Doing Biology: Three Case Studies

Part of the Springer Texts in Education book series (SPTE)


This chapter is built around three case studies of biological investigations carried out not only in three very different areas of biology, but also in three different settings: the experimental laboratory, the field under natural conditions, and in historical time using paleontology and the fossil record to answer questions about the evolutionary development of life on earth. The first, laboratory-based case concerns the investigation into the mechanism by which nerve fibers growing out from the central nervous system “find” their way to very specific target sites (muscles, for example) in the peripheral areas of the animal body. This work led to the discovery of Nerve Growth Factor (NGF) in the 1950s–1970s. The second, field-based case comes from a long-term investigation into the homing behavior in salmon: namely, an attempt to find out how adult salmon find their way from the ocean to the precise stream in which they hatched three or four years earlier. The third, historical case, involves the quest of evolutionary biologists to understand the causal factors in the extinction of the dinosaurs as part of a larger phenomenon known as “mass extinction”, during which numerous groups of organism all become extinct in a relatively short period of geological time.


Nerve Growth factorNerve Growth Factor Schwann Cell Mass Extinction Snake Venom Oort Cloud 
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Further Reading

On Neuronal Growth and Nerve Growth Factor (NGF)

  1. Allen, G. E. (2015). Viktor Hamburger, 1900–2001. Biographical Memoirs of the National Academy of Sciences (National Academy of Science), 1–39. Available on-line at:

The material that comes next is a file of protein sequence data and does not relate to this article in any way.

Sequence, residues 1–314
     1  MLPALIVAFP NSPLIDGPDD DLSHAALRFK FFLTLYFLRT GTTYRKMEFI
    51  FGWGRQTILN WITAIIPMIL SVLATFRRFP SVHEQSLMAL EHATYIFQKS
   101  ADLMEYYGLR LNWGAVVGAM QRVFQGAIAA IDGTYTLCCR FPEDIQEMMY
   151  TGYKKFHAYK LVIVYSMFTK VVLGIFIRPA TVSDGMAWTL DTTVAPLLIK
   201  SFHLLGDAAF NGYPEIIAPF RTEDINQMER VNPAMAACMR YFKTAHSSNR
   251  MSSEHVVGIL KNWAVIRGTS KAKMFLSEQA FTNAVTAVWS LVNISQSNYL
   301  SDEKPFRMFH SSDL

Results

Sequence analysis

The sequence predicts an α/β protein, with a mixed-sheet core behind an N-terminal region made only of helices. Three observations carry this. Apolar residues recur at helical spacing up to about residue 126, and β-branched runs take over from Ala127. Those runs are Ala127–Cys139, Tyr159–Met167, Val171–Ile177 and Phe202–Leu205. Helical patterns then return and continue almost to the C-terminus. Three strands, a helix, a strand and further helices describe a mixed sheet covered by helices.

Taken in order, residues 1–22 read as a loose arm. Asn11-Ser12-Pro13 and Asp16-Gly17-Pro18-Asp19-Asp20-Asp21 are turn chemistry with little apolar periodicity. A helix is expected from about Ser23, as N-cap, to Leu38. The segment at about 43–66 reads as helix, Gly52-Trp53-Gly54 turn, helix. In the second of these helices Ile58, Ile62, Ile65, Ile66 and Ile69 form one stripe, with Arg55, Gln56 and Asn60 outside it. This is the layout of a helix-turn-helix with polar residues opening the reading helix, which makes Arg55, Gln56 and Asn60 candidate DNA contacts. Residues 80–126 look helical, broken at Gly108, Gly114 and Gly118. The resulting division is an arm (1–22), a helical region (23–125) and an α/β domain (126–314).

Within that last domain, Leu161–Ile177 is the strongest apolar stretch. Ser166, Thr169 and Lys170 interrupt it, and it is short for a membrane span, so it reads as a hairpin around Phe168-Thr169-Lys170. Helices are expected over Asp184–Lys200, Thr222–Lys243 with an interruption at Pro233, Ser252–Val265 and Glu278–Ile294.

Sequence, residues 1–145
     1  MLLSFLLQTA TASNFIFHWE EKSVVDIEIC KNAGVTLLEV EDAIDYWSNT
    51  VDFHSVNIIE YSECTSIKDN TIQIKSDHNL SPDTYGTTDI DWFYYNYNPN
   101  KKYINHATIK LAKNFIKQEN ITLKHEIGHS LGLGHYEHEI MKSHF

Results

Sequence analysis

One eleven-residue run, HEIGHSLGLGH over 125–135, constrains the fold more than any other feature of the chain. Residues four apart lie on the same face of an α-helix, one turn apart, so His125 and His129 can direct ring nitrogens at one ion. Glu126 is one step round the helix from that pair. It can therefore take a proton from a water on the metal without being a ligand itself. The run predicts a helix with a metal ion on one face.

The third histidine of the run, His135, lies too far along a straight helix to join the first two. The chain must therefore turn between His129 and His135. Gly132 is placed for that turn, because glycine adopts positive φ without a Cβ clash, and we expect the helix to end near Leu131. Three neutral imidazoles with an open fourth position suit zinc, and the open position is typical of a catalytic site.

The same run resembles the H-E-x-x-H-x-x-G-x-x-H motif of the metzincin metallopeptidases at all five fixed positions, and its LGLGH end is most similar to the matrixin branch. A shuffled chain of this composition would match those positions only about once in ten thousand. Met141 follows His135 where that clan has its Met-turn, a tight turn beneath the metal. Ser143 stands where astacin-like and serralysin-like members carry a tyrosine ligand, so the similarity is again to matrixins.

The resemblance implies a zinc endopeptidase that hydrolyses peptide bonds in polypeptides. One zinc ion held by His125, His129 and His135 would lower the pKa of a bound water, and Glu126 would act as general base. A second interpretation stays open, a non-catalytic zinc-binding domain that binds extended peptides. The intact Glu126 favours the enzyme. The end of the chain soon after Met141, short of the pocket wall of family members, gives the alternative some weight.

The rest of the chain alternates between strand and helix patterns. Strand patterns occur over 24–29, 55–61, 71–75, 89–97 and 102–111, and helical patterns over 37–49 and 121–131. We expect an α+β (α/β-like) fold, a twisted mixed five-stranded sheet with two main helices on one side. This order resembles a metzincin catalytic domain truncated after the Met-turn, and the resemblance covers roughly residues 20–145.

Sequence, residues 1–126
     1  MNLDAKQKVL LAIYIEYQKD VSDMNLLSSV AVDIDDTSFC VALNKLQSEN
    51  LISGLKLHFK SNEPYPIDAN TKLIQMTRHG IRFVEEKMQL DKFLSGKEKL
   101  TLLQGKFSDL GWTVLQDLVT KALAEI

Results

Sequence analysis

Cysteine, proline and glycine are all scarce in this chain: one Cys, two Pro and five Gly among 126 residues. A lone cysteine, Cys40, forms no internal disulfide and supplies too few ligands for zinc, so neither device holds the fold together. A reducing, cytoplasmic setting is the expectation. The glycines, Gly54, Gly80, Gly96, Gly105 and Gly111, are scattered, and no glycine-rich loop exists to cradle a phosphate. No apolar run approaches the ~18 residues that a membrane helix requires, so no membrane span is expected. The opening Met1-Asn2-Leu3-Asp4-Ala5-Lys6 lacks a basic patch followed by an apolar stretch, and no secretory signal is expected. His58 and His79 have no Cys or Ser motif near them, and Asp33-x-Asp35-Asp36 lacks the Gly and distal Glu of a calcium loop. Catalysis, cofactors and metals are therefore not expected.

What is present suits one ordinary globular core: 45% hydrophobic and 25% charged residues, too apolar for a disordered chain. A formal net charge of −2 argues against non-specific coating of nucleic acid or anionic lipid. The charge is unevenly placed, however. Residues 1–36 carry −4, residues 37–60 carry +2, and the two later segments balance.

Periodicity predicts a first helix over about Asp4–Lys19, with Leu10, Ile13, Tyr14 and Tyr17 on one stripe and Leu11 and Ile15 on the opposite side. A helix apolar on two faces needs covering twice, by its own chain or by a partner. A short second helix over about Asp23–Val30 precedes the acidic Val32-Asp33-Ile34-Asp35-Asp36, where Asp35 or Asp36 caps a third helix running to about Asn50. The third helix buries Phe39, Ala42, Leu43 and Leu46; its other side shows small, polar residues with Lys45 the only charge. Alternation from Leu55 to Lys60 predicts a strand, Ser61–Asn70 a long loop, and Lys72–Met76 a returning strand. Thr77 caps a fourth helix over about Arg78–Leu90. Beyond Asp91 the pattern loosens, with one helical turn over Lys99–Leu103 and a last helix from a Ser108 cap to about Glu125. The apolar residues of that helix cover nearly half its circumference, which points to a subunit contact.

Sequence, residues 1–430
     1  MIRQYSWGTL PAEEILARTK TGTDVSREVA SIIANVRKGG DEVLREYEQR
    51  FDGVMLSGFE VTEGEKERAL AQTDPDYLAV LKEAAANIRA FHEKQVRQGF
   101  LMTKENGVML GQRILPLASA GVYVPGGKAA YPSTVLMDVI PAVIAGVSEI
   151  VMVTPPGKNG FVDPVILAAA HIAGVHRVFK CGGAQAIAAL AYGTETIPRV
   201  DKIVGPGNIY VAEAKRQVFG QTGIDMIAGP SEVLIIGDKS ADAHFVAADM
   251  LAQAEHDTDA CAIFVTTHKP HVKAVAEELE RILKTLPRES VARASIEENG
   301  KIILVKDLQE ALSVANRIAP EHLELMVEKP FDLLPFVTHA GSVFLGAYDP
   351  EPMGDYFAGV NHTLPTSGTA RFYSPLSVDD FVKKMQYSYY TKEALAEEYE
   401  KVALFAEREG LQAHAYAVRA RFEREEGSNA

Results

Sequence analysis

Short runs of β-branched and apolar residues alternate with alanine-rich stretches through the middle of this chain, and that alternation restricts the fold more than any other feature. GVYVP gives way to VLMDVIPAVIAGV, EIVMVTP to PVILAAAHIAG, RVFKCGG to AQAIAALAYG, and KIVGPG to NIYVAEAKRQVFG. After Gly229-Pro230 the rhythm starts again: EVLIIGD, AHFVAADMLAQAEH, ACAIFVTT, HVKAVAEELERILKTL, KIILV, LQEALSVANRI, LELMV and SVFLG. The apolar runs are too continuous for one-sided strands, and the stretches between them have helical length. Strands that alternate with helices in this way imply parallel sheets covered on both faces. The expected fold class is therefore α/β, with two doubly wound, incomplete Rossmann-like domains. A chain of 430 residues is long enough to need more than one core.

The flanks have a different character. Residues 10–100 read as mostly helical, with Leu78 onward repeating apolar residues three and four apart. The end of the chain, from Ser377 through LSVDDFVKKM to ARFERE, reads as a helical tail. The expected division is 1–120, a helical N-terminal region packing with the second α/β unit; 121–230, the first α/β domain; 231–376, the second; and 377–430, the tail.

2. Cowan, W. M. (1981). Studies in developmental neurobiology. Essays in honor of Viktor Hamburger. New York: Oxford University Press. (This volume contains some useful interpretive essays, including especially the one by the editor, Cowen, and one by Levi-Montalcini).Google Scholar
  3. Levi-Montalcini, R. (1997). The saga of the nerve growth factor. London: World Scientific. (This is a collection of previously-published papers by Levi-Montalcini and colleagues on nerve growth factor, from some of the earliest to the most recent).Google Scholar
  4. Oppenheimer, J. M. Ross Harrison’s contributions to experimental embryology. In J. M. Oppenheimer (Ed.), Essays in the history of embryology and biology (pp. 92–116). Cambridge, MA: MIT Press. (Provides a good background for Harrisons’s early work on the self-directed outgrowth of the nerve fiber from the central nervous system).Google Scholar

On the Mass Extinction of Dinosaurs

  1. Hasler, A. D. (1966). Underwater guideposts (p. 42). Madison: University of Wisconsin Press.Google Scholar
  2. Raup, D. (1986). The Nemesis affair. New York: W. W. Norton. (This subject has received an enormous amount of attention in recent years. One of the best sources in terms of clarity, brevity, and accuracy).Google Scholar
  3. Raup, D. (1991). Extinction: Bad genes or bad luck? New York: W. W. Norton. (This is a more general treatment of the issue of extinction in general. The Nemesis issue is the subject of only one chapter, but this provides an excellent summary).Google Scholar

Copyright information

© Springer International Publishing Switzerland 2017

Authors and Affiliations

  1. 1.Department of BiologyWashington University in St. LouisSt. LouisUSA
  2. 2.Wesleyan UniversityMiddletownUSA

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